Our raw-food experiment has been over for two weeks now, and I finally feel like my eating habits are my own business again.
The cycle of raw-based interactions went something like this: surprise and skepticism over the raw diet, inquiries about what is or is not raw, the mid-experiment avalanche of “how’s it going?” questions and the end-of-diet curiousity about which cooked foods each us was planning to eat first. Mine was cheese, for the record.
Although I have been greatly enjoying a variety of cooked food over the past two weeks, I have not forsworn eating raw meals, either. I’ve been making green smoothies for breakfast and eating salads for lunch and enjoying them just fine.
Still, I’m glad the raw diet is over. This month has been far busier than April was, and there’s no way I would have had enough time to eat healthy and raw while always on the run. (Not that I’m running right now – I’m actually working from home with the worst sore throat I’ve had in ages. Thank heaven I can eat chicken soup!)
As for the effects of my transition back to cooked food, I’ve found that I have more energy than I did on the raw diet. I’m not sure whether that’s a result of my physiology or just that it’s easier for me to find the nutrients my body needs in the food I’m more accustomed to eating. Either way, I’m rolling with it.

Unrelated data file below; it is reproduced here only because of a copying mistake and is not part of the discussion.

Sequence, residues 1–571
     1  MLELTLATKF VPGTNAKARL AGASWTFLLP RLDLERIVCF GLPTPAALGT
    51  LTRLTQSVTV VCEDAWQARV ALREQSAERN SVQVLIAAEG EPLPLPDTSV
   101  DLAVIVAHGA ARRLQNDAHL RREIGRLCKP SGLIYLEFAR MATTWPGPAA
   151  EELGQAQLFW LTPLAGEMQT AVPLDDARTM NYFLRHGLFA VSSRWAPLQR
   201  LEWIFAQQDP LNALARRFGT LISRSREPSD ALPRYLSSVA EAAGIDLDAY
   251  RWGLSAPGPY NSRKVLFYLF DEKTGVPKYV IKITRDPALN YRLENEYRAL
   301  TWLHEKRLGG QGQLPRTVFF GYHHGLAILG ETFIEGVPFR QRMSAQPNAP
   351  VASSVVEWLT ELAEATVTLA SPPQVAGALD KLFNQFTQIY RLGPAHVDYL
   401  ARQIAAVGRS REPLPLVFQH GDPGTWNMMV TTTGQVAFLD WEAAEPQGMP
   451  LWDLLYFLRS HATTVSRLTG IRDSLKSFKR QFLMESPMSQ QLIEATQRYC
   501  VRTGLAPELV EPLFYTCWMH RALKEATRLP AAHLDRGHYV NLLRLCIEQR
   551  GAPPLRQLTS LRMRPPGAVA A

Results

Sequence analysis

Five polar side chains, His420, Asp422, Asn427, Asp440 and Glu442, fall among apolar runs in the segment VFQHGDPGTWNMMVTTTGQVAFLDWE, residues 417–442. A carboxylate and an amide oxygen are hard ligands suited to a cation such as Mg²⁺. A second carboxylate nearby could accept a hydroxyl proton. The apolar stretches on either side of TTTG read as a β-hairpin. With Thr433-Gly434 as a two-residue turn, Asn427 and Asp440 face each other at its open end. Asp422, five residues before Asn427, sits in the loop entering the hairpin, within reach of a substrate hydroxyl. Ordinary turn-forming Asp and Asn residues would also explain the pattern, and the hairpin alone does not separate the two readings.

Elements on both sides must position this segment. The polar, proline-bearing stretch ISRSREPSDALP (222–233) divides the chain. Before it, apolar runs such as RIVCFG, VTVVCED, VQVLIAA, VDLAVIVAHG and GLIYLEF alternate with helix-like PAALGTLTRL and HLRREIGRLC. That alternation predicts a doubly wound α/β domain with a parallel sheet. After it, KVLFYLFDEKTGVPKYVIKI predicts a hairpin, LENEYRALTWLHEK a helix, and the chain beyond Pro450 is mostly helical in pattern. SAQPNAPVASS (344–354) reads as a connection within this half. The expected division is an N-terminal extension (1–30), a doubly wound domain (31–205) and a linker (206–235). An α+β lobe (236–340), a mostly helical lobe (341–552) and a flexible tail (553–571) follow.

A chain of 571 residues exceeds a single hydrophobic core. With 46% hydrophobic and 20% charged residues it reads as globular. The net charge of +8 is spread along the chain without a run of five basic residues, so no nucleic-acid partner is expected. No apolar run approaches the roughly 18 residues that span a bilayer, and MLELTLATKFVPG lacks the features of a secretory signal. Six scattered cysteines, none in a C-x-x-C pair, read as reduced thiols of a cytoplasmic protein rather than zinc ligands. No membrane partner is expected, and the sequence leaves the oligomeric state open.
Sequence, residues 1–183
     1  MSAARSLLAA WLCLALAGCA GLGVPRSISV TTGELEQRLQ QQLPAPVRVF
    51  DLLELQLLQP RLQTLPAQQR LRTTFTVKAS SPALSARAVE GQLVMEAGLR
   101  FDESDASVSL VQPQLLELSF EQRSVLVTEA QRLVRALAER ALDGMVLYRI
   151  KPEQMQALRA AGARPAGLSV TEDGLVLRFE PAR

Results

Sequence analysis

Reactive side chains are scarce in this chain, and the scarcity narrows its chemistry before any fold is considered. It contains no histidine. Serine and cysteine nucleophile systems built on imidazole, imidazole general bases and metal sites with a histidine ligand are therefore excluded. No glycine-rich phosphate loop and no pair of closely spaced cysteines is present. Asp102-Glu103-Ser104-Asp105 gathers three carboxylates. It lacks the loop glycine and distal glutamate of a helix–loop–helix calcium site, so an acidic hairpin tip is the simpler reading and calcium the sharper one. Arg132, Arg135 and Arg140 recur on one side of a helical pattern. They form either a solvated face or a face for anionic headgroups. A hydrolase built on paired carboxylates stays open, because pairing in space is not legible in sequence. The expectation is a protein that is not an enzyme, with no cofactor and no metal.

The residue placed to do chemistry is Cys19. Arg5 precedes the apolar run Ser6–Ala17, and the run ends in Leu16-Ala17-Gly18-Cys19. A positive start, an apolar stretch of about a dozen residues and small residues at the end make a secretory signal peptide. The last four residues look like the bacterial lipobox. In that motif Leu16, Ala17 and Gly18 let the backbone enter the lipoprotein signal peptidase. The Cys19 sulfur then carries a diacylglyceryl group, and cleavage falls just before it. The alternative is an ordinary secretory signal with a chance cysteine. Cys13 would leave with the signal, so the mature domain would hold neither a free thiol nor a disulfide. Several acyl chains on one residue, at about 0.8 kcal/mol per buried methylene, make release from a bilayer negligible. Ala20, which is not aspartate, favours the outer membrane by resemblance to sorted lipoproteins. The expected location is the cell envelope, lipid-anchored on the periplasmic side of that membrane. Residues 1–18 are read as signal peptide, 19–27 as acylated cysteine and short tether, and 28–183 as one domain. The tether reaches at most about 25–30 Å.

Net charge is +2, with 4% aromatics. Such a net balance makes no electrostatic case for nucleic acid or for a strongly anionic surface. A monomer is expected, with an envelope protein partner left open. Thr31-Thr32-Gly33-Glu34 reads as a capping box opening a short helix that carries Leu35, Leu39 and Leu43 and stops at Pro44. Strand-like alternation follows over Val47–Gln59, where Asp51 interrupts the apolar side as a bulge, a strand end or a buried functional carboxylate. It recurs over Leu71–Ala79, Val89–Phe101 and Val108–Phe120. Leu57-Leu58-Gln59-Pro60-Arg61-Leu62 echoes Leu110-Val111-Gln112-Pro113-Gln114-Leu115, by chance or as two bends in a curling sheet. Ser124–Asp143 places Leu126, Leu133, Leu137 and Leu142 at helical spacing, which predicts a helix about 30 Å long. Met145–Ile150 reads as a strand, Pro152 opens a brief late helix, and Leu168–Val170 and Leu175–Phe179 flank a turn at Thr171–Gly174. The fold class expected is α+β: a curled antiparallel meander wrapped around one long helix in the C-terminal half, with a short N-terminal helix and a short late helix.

I’ve been ruined. Or saved, depending on how you look at it. The enjoyment I got from most of the food I ate pre-raw has been spoiled. What I have eaten still tastes good, but the guilt and obsession that I now choke down with it overwhelms most of the gratification. Sugar is out of the question. The only white sugar I’ve swallowed in the two weeks since we stopped being totally raw is in the one bite of cake I had at a colleague’s going away party. I want the homemade oatmeal cookies sitting on the office file cabinet, but I don’t dare. Blue raw agave and raw honey are the only sweeteners I allow myself. Red meat appears to be a definite no-no. I haven’t had one bite in more than two months now, and although it was never a regular thing for me, I used to enjoy an occasional grilled cheeseburger or steak. The thought now makes me ill. Meat in general gives me the heebies. I’ve had one or two bites of chicken. It seems the only flesh I can stomach is grilled salmon and shrimp, which I’m craving. And what’s that about? I never even liked salmon. Maybe it’s the iodine I need. Dairy seems verboten. I have enjoyed a little cheese, some my boss brought back from Madeira, and some yummy horseradish cheddar. But I can’t bring myself to eat more than a bite or two every couple of days. So far, no eggs (a former favorite), no milk or plain yogurt, all pre-raw staples. The exception to my feelings of guilt: 1/2 cup of coffee, with almond milk as a creamer and sweetened with agave. I had planned to wait for winter to go back to caffeine, but it’s been so damn cold for May, that I gave in on Mother’s Day. It was good. I could feel it coursing through my veins, strengthening my every fiber. What am I eating? Generally, green smoothies for breakfast, or chia seed pudding and fresh squeezed OJ (I’ve had toast twice.) A salad or second smoothie for lunch, or an organic apple with almond butter. For dinner, I’ve been eating another salad, or cooked veggies, lots of them — another craving I don’t understand. I have this need to throw a little olive oil, onion and garlic in a skillet and stir-fry zucchini, mushooms, spinach, peppers, any veggie I can find. Sometimes I wrap a whole-wheat tortilla around them and add some salsa, other times I eat them straight from the pan. I can’t get enough of them. Just the fact that I can remember most of the cooked food I’ve eaten since April 30 is an indication of how little I have had — or how mentally ill I’ve become: spicy black bean soup, veggie Panang curry, a few organic corn tortilla chips with mashed avocado, the above-mentioned seafood and sauteed veggie burritos. I don’t feel sick or tired when I eat cooked food, just guilty. My energy level is still high, I haven’t regained any weight, and apparently I haven’t lost the previously blogged about “glow.” An example of how far around the bend I’ve gone: It’s Mother’s Day. I get up before my family and decide to forgo my smoothie for a single slice of whole-wheat raisin pecan bread. Not toasted, no butter. I work in the yard the rest of the day and forget to eat until we’re at my new favorite Thai restaurant. I order the Panang curry, no meat, no tofu. I eat one quarter of the rice with it, and maybe 1/2 of the veggies and curry broth. When we get home, I start obsessing about the ingredients. I go on the Web. I find out it has coconut milk. Then I find out coconut milk has a whopping 50 grams of SATURATED fat per cup. There must be some mistake. I keep looking on the Internet. Wait. Light coconut milk drops to 12 grams of fat per cup. Surely that’s what I ate. It’s too late to call the restaurant. You see what I mean. Even if I drank an entire cup of the thick coconut milk, I would have still consumed less than 1,000 calories that day. And I worked in the garden for more than nine solid hours. I really need to get a grip — or a therapist. I haven’t obsessed about food like this since I was a college student. For more than 25 years I have railed against women who are obsessed about their appearance and their weight. I don’t think that is what this is about, although I’m forced to admit I don’t want to regain the weight I’ve lost. It has made exercise and dressing so much easier. So what the hell is going on? My best friend says she is not surprised. For more than 30 days, we micromanaged and monitored every morsel that went into our mouths. Hundreds of people were watching us, and still are. There is this blog post, and one more. We’ve been asked to do another television interview. People still want to talk about it. It’s almost like they are waiting for us to start looking and feeling like our pathetic, pre-raw selves. But the aftershock isn’t all bad. Some positives: I am successfully spreading the word on the miracle of chia seeds. I have two (maybe three) of my co-workers eating them, and one of my neighbors, who recently underwent cancer surgery, is extremely grateful for the chia-seed pudding I whipped up for her to help her eliminate (pun intented) the effects of the pain medication she was on. My food bill is a bit lower, even though I am buying as much organic as I can. I think it’s because I’m not buying processed foods (bread and canned items don’t count, although even with those I am buying organic and preservative-free.) Even though they are complaining a bit, my kids are eating better, because the fruits and veggies in the house are the only choice they have. And they don’t mind the homemade cookies, fruit breads and muffins (sweetened with agave) I’m making to feel the void of the processed alternatives. Will I ever revert to my poisonous, pre-raw ways? I’m sure it’s just a matter of time before I get a healthier perspective. Because those oatmeal cookies are still calling to me.